Dental disease in rabbits
Dental disease is very common in pet rabbits, but it can often be difficult for owners to recognise the signs, especially in its early stages. This is because rabbits tend to hide symptoms of illness or pain until they are very unwell. It is also more difficult to perform a thorough dental check on rabbits (compared to dogs and cats), due to their smaller mouth opening.
What causes rabbits to develop dental disease?
Rabbits are likely to develop dental disease, if:
- They are fed an improper diet - rabbit teeth constantly grow to allow them to eat a natural (but abrasive) diet of grasses, bark and roots - if rabbits are not fed a diet that is high in fibre (mostly grass/hay and greens), their teeth will begin to overgrow.
- They don’t get enough sunlight - this leads to low vitamin D levels, which causes lower calcium levels and therefore weaker bones (including the jaw).
- They are born with abnormal jaws or tooth position - like humans, some rabbits can be born with naturally crooked teeth!
Dental disease can begin with overgrowth of the rabbit’s teeth, caused by insufficient wear or sometimes from jaw weakness. This overgrowth places pressure on the teeth, pushing them down into the jaw and slowly rotating them. The teeth gradually develop:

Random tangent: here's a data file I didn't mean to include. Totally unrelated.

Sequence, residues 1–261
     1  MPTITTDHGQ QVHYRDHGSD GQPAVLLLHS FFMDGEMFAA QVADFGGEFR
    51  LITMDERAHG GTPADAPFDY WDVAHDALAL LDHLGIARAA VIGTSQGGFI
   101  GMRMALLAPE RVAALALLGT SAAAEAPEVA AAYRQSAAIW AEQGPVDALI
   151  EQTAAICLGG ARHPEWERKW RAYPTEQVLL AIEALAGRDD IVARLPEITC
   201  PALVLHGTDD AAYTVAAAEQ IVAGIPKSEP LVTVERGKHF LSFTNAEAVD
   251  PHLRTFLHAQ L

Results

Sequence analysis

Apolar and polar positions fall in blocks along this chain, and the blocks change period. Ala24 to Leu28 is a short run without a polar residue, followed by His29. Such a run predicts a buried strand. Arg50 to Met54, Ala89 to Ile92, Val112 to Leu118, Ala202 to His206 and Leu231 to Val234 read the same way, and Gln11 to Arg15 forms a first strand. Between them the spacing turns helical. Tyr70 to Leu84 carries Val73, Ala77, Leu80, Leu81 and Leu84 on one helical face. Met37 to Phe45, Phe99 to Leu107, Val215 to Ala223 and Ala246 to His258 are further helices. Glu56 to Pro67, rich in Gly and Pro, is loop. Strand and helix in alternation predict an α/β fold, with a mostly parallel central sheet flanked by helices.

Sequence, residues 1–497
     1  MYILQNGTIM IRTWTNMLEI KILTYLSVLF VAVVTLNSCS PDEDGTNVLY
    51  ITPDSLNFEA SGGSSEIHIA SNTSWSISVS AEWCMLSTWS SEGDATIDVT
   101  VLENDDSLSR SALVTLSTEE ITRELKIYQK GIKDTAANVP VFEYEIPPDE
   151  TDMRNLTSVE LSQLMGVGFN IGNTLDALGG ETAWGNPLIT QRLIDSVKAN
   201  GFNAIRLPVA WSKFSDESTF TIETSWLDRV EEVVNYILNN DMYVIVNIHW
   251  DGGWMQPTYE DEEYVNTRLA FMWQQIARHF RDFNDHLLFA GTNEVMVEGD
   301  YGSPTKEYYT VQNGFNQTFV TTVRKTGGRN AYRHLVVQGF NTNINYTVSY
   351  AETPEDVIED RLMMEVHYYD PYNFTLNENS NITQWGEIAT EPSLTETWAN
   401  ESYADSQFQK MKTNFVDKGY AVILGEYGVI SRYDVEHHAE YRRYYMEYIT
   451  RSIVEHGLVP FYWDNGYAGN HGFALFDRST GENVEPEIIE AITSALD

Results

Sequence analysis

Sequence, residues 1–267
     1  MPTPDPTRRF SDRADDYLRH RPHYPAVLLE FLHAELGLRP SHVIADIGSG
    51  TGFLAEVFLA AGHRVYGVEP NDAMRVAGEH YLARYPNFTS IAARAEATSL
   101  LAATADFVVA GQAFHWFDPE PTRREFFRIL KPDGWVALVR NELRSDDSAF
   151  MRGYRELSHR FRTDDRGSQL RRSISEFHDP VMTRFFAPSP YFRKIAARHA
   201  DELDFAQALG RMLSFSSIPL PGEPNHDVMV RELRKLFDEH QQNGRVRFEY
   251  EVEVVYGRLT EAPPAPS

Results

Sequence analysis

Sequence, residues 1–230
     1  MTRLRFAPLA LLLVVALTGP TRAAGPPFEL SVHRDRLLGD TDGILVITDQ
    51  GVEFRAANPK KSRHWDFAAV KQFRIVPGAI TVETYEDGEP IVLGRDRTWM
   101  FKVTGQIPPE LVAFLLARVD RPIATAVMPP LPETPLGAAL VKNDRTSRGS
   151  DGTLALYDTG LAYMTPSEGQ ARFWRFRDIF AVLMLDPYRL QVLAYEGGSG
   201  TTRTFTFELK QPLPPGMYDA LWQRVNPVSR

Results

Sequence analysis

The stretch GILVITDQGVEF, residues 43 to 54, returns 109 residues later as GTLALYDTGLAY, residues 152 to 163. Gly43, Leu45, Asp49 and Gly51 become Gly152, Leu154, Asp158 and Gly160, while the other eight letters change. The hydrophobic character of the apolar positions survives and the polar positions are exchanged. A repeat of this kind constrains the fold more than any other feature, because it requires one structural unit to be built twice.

- Sharp spurs at the edges - these can cause painful ulcers on the rabbit’s cheeks and tongue.
- Abnormally long “root” tips within the jaw - these can press on the nasolacrimal ducts (the tear drainage system below the eyes) leading to conjunctivitis, or cause painful abscesses in the jaw.
What signs will rabbits with dental disease show?
Rabbits with dental disease may show signs such as:
- Weight loss
- Poor coat quality
- Picky/reduced eating
- Reduced or unusual faecal pellets
- Wet “dribbles” down their chin or neck
- Watery or cloudy eye discharge
- Nose discharge
- Jaw swelling
Can rabbit dental disease be fixed?
To diagnose dental disease in a rabbit, vets must perform a thorough dental exam. This involves using special scope and gag instruments to look inside the rabbit’s mouth, which may often require sedation or anaesthetic if the rabbit is feeling painful or nervous. In more severe cases, it’s recommended for the animal to have detailed jaw imaging by x-ray or CT scan.
Early-to-moderate dental disease may be treated with a dental procedure under anaesthetic to shorten and reshape the rabbit’s teeth, with any damaged teeth being extracted. Many rabbits require regular procedures thereafter to maintain their dental health long-term (as the teeth and jaw are permanently altered), and often permanent dietary changes. More severe cases that have developed jaw abscesses require surgical treatment, and long-term antibiotics.
Can I prevent dental disease in my rabbit?
Prevention of rabbit dental disease is best achieved by starting your rabbit on a high fibre, nutritionally balanced diet early in life. Read more on rabbit diets here, and make sure to ask your veterinary team for diet recommendations for your rabbit.
It is also recommended giving your rabbit daily access to the outdoors, to ensure they have adequate exposure to sunlight for adequate vitamin D production.
Good care early in life helps to ensure that your rabbit companion will remain happy and healthy for years to come!